Dear AACCA Certified Coaches,
I hope this email finds you well and ready to wrap up your cheer seasons as we wind down the school year. I want to update you on the new rules changes for high schools that are about to be released. As I told the Georgia Cheer Coaches Association this past week, some of you are going to have to forget most of what you know about the high school rules! Please let me know if you have any questions, or join our new discussion forum listed at the bottom of this email.
The new high school rules have been approved and will be announced today by the NFHS and AACCA. We had a joint conference committee in January that was designed to have the two sets of rules get back to the consistency we had many years ago. This involved both organizations looking at the reasons for having longstanding rules as well as what rules could be combined into a simpler “class” of rules. These classes of rules will help eliminate some of the uncertainty by coaches and nitpicking by rules interpreters when the skill is considered to be safe. The end result is that the NFHS and AACCA rules are closer than ever, and there are very few and minor differences. We are working to outline those differences so they can be addressed in the next rules cycle.
Yes, No Double Downs
The rumor is true. Both rules committees banned double twisting dismounts. The new rules replace the “2 1/4 twists” language with “1 1/4 twists”. We have all seen the decline in performance of these skills even as we have seen an increase in the number of attempts. While there are pockets where teams have improved through coaches education and judging criteria, the nation overall has not responded well to the years of warnings we’ve been giving. The final decision was easy once we were presented with two years of data showing that while the overall injury rate for cheer is low, head injuries – especially at practice – are high. Add to that the fact that the majority of those head injuries are from body to body contact and we knew it was the right decision.
We also required a spotter for single base shoulder stands where the base is holding the top’s feet. We were seeing more and more of this type of skill, which leaves the top person with no protection should she buckle and fall off the back.
Give and Take
That should really be “take and give”. In addition to the new restrictions, both rules committees are allowing two new classes of inverted stunts that add creativity without increasing risk.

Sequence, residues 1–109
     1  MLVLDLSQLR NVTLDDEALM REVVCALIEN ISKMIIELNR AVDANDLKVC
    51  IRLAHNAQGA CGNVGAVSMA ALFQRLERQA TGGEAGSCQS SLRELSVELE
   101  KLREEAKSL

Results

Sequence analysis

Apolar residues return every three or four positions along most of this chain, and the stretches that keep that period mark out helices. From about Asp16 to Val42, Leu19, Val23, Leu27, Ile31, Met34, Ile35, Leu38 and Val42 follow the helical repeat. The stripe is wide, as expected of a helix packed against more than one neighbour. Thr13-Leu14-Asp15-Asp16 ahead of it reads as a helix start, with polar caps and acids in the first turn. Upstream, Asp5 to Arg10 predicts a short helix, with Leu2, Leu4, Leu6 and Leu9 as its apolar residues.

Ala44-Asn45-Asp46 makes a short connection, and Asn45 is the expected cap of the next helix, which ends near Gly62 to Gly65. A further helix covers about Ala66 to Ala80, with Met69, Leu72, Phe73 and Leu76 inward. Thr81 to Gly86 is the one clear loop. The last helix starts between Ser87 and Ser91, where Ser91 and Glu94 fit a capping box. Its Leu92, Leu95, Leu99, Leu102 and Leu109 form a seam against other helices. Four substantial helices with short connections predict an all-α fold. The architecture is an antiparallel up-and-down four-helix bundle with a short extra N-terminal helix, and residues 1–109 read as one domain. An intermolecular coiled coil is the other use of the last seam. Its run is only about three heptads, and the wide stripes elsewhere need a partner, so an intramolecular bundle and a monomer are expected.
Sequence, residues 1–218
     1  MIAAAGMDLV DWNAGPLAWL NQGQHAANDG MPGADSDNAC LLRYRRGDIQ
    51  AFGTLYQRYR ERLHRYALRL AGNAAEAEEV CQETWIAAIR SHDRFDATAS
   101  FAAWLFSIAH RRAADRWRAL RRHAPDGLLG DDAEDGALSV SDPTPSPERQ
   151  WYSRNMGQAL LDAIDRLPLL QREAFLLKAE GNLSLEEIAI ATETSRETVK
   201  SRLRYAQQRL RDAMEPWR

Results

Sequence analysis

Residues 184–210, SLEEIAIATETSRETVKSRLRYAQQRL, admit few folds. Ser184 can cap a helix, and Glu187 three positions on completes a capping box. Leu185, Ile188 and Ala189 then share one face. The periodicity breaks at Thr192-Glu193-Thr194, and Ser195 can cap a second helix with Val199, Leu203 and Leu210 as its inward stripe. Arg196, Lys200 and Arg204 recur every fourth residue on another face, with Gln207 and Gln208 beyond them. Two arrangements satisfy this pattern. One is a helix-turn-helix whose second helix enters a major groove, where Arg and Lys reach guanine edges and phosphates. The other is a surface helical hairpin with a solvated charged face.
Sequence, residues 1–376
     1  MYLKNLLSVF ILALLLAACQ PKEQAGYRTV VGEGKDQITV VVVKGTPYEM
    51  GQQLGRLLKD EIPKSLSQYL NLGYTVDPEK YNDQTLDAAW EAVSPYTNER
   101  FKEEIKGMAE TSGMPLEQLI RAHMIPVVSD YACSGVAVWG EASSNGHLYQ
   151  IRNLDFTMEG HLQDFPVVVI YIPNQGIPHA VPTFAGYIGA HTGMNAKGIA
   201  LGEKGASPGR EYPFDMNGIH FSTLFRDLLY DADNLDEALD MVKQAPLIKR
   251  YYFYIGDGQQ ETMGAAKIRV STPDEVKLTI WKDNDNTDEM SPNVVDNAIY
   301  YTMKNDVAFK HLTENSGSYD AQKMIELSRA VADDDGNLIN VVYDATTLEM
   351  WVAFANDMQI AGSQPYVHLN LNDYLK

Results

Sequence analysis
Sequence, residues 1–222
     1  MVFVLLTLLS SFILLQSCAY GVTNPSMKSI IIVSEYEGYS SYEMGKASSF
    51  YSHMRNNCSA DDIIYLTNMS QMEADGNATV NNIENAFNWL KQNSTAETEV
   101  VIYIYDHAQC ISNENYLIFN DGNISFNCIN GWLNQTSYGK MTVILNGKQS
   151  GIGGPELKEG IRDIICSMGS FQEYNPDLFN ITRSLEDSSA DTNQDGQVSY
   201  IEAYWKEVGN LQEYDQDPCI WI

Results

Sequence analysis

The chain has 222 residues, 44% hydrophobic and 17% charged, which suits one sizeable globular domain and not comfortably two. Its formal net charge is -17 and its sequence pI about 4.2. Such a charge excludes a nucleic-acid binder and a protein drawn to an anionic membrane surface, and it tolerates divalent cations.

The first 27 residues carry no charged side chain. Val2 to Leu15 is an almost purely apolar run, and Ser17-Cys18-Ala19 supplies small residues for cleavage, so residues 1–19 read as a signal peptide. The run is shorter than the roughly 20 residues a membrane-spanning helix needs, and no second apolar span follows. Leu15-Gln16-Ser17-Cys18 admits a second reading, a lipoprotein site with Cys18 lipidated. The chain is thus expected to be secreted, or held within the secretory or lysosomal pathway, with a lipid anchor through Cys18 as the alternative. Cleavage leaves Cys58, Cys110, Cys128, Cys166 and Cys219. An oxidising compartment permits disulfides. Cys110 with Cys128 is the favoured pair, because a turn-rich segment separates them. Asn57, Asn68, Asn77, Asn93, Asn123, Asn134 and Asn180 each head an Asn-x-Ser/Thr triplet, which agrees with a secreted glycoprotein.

The first is that all inversions below shoulder level are allowed. There are specific requirements in place, such as constant contact with a base or spotter and contact with two bases/spotters in a low inversion that is descending. An example of these would be a yoyo, a cradle to a back walkover, or a handstand on a double based thighstand. You can even now do a cartwheel over the thighs of someone else. All of these will allow for more creativity in choreography without additional risk of injury.
The second major addition is that we are now allowing braced suspended rolls/flips. This is a skill that is allowed for Level 3 and 4 all stars and is done with relatively little risk of injury. It must be braced on both sides by elevator preps with spotters and must have at least three people catching for a total of 12 people involved in this skill. It is not allowed to twist, so it is basically a front or back braced flip to a cradle, stunt or loading position. I get videos of these every month from someone asking if it is legal and I have had to tell them it is not. In each case, even the mediocre teams, I was given no reason for concern about the safety of the skill itself.
There are many other changes that tweak the rules in order to make it easier to follow as well as to align with the NFHS rules. One example is that we removed the rule that allowed a release transition as long as it made no more than 12 inches of separation between the top and bases. The NFHS now allows teams in braced pyramids to make up to a 1/4 turn around the bracer like our rules have allowed.
I am very pleased with the developments of this year’s AACCA and NFHS rules committees. They looked at the athletes and the available data and determined that they could help minimize the head injuries in cheer while also allowing more freedom to perform skills that are safe to perform. The new rules are now posted at http://www.aacca.org/hsrules. There is a link there for a complete summary of the changes as well.
As always, thank you for everything you do for cheerleading safety!